Bruins’ ‘Gutsy Effort’ Outweighs Slow Start, Shootout Win Caps Fairly Successful First Month

Zdeno Chara, Torey Krug, Milan Lucic, Nick Bonino, Cam FowlerBOSTON — The Bruins were more trick than treat for much of their Halloween tilt with the Anaheim Ducks, but when it was all said and done, there was just enough of the good stuff to come away with the two points.

Cheesy analogies aside, the Bruins won a hockey game in which they had no business winning for the better part of 60 minutes, and they will certainly take that. One night after losing a highly contested Eastern Conference Finals rematch in Pittsburgh, the Bruins bounced back to get a 3-2 shootout win over Anaheim.

It certainly wasn’t easy, and it was far from pretty. Boston came out and played its worst period all season in the first period, managing just one shot on goal. An ugly turnover from the revamped third line had the Bruins down 1-0 after one. The second period wasn’t much better with Boston tying the game only to give up a goal with 20.9 seconds in the second period.

The Bruins didn’t necessarily storm back to win the game, but they found a way nonetheless. A power-play goal late in the third period tied the game, and the Bruins eventually came away with the shootout win. They were far from their best on Thursday night, but it’s tough to be upset with a night in which you grab two points.

“That goal in the last 20 seconds of the second would have probably broken a lot of teams’ backs; it didn’t break ours,” Bruins coach Claude Julien said. “We came back out in the third and fought. I’d rather give my team credit for this one rather than say we’re fortunate. I’m not gonna stand here and say we’re playing great hockey. It’s a game of momentum and right now the momentum is not quite where we want it to be. We played a tough game yesterday in Pittsburgh and it took a toll on us. For us to come out here and play a gritty game and to win this against a team that was fresh and waiting for us here, it was a real gutsy effort on our part.”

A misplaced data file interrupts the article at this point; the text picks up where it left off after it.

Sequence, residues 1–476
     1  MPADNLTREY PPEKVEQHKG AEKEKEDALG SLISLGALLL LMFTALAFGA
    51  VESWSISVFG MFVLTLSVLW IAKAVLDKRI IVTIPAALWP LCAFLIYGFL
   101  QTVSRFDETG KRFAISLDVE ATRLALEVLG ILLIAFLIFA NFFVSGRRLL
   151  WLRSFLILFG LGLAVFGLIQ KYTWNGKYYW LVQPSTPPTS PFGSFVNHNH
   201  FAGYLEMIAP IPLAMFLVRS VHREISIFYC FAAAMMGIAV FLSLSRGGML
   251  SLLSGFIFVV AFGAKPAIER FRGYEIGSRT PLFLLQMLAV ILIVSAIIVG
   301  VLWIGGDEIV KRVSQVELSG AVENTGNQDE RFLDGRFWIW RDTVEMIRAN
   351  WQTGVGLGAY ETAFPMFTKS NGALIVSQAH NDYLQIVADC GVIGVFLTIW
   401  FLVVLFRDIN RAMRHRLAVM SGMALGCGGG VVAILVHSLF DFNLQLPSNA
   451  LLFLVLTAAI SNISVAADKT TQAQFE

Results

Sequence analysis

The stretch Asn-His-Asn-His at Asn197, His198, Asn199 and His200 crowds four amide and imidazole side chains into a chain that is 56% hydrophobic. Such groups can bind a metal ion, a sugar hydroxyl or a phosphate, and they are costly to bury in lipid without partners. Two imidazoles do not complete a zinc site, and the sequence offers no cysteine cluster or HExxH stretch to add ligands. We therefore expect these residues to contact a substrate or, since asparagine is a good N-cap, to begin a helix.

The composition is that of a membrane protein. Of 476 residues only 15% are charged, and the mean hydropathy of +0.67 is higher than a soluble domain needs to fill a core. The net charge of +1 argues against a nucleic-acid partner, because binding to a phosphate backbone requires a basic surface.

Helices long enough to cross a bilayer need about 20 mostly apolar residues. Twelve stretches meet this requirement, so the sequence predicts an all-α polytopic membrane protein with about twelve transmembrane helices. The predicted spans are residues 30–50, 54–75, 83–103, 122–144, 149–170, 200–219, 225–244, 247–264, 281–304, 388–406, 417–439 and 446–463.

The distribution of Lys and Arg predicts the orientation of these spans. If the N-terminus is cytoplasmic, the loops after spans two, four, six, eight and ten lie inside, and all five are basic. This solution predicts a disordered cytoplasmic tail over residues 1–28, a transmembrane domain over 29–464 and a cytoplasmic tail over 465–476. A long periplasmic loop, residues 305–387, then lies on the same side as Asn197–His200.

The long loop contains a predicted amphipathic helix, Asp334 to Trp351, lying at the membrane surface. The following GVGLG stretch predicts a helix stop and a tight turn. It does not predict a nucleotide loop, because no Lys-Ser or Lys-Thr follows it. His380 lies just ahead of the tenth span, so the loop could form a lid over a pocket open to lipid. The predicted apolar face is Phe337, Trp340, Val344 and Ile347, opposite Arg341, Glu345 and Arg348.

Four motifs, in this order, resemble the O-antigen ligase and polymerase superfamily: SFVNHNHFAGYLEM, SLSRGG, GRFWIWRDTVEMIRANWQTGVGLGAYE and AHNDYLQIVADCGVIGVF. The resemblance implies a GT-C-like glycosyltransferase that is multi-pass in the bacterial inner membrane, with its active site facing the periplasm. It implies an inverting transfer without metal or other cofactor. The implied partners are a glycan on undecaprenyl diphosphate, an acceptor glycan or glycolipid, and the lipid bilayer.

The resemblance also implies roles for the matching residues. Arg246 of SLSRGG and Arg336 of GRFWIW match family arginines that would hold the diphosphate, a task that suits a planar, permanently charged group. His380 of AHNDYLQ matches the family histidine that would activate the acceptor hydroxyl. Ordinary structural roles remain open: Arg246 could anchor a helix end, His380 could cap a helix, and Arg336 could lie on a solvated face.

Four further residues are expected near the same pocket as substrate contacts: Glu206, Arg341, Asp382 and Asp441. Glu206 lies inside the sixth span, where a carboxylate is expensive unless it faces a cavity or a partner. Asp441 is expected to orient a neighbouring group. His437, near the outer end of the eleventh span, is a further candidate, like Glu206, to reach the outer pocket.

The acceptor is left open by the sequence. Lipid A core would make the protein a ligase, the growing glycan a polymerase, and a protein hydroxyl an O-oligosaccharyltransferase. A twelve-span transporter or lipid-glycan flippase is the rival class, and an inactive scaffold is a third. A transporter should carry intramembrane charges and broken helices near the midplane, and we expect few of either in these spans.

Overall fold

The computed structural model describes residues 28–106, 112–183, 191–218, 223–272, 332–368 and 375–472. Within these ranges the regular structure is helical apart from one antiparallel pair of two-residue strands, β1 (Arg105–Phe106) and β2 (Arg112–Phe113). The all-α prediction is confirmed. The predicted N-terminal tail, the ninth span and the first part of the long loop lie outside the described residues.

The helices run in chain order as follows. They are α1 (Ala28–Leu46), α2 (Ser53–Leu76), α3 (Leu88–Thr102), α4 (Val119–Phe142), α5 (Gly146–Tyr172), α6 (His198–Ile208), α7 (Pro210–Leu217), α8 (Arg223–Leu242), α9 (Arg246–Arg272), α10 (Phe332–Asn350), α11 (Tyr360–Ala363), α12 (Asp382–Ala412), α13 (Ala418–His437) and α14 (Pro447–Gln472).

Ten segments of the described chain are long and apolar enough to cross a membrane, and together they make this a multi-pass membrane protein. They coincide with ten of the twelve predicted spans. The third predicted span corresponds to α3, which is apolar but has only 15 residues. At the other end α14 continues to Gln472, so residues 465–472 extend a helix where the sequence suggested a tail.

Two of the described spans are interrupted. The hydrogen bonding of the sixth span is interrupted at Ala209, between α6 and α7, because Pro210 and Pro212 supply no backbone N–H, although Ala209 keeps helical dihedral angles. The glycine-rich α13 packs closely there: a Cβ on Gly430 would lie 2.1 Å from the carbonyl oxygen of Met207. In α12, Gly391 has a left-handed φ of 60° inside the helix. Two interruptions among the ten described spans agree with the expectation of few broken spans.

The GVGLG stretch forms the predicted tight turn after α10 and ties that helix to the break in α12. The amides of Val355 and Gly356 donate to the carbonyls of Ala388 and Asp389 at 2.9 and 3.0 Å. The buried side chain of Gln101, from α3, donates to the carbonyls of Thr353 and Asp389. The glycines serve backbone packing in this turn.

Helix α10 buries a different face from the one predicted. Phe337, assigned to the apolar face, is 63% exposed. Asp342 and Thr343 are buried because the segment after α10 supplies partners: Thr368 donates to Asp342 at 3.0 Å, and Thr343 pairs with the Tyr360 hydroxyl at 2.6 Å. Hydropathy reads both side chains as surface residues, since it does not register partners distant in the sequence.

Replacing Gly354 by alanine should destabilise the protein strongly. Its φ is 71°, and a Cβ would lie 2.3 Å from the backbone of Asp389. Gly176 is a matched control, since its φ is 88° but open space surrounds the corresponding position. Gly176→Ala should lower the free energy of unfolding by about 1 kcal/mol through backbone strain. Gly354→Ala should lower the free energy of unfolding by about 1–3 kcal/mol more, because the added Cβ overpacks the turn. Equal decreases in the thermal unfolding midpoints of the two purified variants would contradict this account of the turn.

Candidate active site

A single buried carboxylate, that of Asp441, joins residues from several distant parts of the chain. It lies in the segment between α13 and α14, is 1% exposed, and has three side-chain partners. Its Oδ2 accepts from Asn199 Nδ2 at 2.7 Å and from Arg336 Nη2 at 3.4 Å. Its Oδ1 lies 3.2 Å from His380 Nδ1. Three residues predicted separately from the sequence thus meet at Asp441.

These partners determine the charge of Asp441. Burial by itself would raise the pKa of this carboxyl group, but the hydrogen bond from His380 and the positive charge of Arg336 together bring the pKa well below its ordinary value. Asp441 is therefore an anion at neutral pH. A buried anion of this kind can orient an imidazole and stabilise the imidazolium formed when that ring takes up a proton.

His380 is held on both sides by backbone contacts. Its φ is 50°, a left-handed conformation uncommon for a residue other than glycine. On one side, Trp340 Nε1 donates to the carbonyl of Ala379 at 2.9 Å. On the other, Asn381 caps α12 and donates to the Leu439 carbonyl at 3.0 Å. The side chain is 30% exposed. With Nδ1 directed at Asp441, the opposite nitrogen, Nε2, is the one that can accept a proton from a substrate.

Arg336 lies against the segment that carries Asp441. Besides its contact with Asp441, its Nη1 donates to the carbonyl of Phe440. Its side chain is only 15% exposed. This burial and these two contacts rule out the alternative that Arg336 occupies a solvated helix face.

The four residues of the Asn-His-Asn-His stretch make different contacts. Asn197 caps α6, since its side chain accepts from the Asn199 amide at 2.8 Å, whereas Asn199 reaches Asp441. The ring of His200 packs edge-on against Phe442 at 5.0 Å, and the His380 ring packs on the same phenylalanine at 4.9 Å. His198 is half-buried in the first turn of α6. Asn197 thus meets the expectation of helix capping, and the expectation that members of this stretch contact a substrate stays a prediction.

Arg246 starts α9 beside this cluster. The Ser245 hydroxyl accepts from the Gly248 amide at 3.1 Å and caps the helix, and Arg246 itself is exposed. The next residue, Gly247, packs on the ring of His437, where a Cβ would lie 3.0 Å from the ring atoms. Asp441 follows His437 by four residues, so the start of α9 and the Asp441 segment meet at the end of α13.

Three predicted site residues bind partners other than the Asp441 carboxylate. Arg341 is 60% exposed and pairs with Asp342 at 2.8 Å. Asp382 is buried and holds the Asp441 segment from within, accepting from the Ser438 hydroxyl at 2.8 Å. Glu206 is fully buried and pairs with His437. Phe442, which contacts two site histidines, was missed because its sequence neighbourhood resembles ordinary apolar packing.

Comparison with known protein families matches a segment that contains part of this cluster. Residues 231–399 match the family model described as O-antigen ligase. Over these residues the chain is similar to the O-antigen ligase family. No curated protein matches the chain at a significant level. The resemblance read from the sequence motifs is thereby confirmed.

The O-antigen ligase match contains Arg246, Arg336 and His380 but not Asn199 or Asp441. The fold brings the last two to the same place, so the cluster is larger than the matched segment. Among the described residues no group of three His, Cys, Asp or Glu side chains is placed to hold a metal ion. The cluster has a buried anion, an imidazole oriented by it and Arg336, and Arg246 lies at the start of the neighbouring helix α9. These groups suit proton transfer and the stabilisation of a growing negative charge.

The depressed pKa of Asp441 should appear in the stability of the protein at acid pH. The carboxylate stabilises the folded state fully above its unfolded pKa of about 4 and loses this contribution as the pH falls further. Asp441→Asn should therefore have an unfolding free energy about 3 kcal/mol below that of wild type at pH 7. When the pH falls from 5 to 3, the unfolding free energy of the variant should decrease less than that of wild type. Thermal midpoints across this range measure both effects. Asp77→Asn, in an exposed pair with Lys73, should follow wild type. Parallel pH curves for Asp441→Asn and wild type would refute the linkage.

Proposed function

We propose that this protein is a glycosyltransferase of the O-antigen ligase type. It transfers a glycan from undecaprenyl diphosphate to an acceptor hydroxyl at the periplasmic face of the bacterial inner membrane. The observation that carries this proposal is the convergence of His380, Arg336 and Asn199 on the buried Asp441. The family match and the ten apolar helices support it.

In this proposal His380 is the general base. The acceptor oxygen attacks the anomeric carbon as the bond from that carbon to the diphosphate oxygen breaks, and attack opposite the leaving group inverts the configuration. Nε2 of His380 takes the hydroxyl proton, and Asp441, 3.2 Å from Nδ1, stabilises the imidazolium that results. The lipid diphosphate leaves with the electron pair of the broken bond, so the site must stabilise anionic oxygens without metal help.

With the first calendar month of the season gone, Thursday night’s game was something of a microcosm for the entire season thus far. Have the Bruins been a great team so far? No, not really. Have they had some spots where they’ve made some mistakes and played some uncharacteristically sloppy hockey? Certainly. But when you look at the win-loss record, which is all that matters, you can’t argue with the results. The Bruins are 8-4-0 right up there with the league’s best teams.

“Good teams find a way to get wins and it’s important for us,” defenseman Torey Krug said. “We didn’t have the greatest game but at the end of the day we have two points and we get to move on from here.”

The shootout win featured some uneven play in all three areas of the ice. The Bruins have yet to find solid, consistent production from all four lines — admittedly no easy task — but they are showing signs of coming around. After the third line coughed up the game’s first goal, Carl Soderberg rebounded to score his first career NHL goal. After Zdeno Chara couldn’t score on the power play in the first period because he couldn’t get a puck from his skates to his stick blade, he finished the game-tying power-play goal in the final minutes of the third.

The slow starts have become something of a habit for the Bruins and no doubt those will need to get better moving forward.

“It seems like maybe when we get behind then we start feeling the urgency to start playing with more energy and more pressure,” Chara said. “But we just have to have better starts. We can’t be waiting the whole time to fall behind and then chasing those goals. That’s and area we have to improve for sure.”

That’s far from the only area to improve upon. Those changes will come, and the Bruins will get better. But on Thursday night, like much of the seasons’ first month, the results speaks for themselves — and that’s all that really matters.

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